GMC’s clinical fellow Dr Muj Husain hosted our first Twitter chat on 21 June 2013 where we talked about raising concerns. Here he summarises our discussion with doctors, students and medical organisations.
As a doctor in training spending a year at the GMC, I’ve given much thought to the duties of doctors to raise concerns. This is not just about a duty to speak up but it is about the responsibility of doctors and health professionals to create a culture in which we can talk openly and honestly about our mistakes in a positive way. When I was asked to host the GMC Twitter chat on raising concerns, I thought it was a great opportunity to highlight this topic and to raise awareness of the GMC’s tools to help doctors speak out. The chat was an experiment, both for me and the GMC, and I was pleased that so many useful contributions and important points had been made.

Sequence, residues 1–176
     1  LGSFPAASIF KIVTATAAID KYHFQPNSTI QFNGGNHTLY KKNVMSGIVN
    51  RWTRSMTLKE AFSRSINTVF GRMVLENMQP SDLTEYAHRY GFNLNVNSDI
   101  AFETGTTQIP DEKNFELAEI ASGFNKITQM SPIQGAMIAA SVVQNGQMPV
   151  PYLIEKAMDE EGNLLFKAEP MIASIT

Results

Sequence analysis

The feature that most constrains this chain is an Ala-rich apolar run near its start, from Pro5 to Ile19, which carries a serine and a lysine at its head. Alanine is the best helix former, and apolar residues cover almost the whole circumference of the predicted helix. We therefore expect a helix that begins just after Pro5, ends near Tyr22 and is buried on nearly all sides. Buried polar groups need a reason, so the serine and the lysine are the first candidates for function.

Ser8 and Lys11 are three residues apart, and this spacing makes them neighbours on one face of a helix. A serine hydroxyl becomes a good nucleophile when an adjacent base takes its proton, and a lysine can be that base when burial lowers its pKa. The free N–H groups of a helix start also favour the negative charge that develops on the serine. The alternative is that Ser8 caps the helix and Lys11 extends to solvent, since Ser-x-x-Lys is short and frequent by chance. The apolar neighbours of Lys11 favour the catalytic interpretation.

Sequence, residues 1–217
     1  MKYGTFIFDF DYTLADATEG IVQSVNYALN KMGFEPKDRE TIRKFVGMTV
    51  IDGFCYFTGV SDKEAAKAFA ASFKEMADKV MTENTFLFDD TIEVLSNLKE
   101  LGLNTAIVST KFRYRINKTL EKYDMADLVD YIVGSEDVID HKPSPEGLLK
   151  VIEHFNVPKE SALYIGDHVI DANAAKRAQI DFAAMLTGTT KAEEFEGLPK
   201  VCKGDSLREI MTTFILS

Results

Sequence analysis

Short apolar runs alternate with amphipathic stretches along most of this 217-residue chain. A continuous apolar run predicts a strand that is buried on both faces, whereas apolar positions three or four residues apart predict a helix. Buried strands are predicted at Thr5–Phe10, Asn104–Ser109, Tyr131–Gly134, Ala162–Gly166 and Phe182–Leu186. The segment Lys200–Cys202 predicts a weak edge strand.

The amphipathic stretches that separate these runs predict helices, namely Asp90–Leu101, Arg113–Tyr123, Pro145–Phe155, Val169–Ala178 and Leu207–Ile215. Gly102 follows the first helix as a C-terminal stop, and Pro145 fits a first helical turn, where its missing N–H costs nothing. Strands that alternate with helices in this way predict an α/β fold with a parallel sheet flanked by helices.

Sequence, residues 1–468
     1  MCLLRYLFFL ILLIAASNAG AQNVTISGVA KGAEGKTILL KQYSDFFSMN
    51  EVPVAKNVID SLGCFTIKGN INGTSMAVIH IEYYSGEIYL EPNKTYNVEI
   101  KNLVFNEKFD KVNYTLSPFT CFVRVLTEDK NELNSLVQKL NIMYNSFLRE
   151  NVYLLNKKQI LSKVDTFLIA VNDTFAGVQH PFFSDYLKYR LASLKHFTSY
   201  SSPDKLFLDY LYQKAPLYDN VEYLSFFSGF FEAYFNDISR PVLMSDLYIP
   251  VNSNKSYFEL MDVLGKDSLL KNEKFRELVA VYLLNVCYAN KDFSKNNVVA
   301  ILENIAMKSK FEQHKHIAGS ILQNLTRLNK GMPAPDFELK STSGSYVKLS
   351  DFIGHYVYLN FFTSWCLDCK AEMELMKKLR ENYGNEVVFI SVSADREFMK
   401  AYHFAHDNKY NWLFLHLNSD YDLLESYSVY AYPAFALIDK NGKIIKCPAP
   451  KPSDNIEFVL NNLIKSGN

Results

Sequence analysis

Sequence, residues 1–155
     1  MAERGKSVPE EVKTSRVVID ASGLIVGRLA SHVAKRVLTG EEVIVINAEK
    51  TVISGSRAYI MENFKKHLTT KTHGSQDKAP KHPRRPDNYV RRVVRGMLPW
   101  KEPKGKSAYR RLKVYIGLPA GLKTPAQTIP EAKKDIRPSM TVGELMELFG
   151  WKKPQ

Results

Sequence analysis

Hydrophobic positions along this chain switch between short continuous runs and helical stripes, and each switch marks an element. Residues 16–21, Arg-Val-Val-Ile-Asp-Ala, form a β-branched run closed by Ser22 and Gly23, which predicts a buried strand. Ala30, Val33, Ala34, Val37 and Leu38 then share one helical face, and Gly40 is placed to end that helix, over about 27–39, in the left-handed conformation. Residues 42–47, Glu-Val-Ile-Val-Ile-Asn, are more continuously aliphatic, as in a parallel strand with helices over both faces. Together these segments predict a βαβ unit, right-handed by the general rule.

Several people, rightly, highlighted the barriers that doctors face in raising concerns. We were able to point these people to the GMC’s flow chart which takes doctors through the process step-by-step. Speaking up is not easy but I hope that simple tools like this and the supporting case studies on the GMC website will make a difference. We also mentioned the GMC’s confidential helpline – a source of additional guidance for doctors who need support or advice.
A second key theme of the chat was the role of doctors in training and students. It was clear that people felt senior doctors were not the only effective leaders – everyone involved in patient care can and should contribute to a culture of openness. The Faculty of Medical Leadership and Management were particularly keen to stress that fostering leadership at a junior level will help make things better – and I agree!
A strong theme was present throughout the chat – we are all responsible for improving patient care, from regulators to doctors to students, we all have a role to play. My favourite tweet was from a doctor quoting Australia’s chief of army, which highlights why this is so important: ’The standard you walk past is the standard you accept’.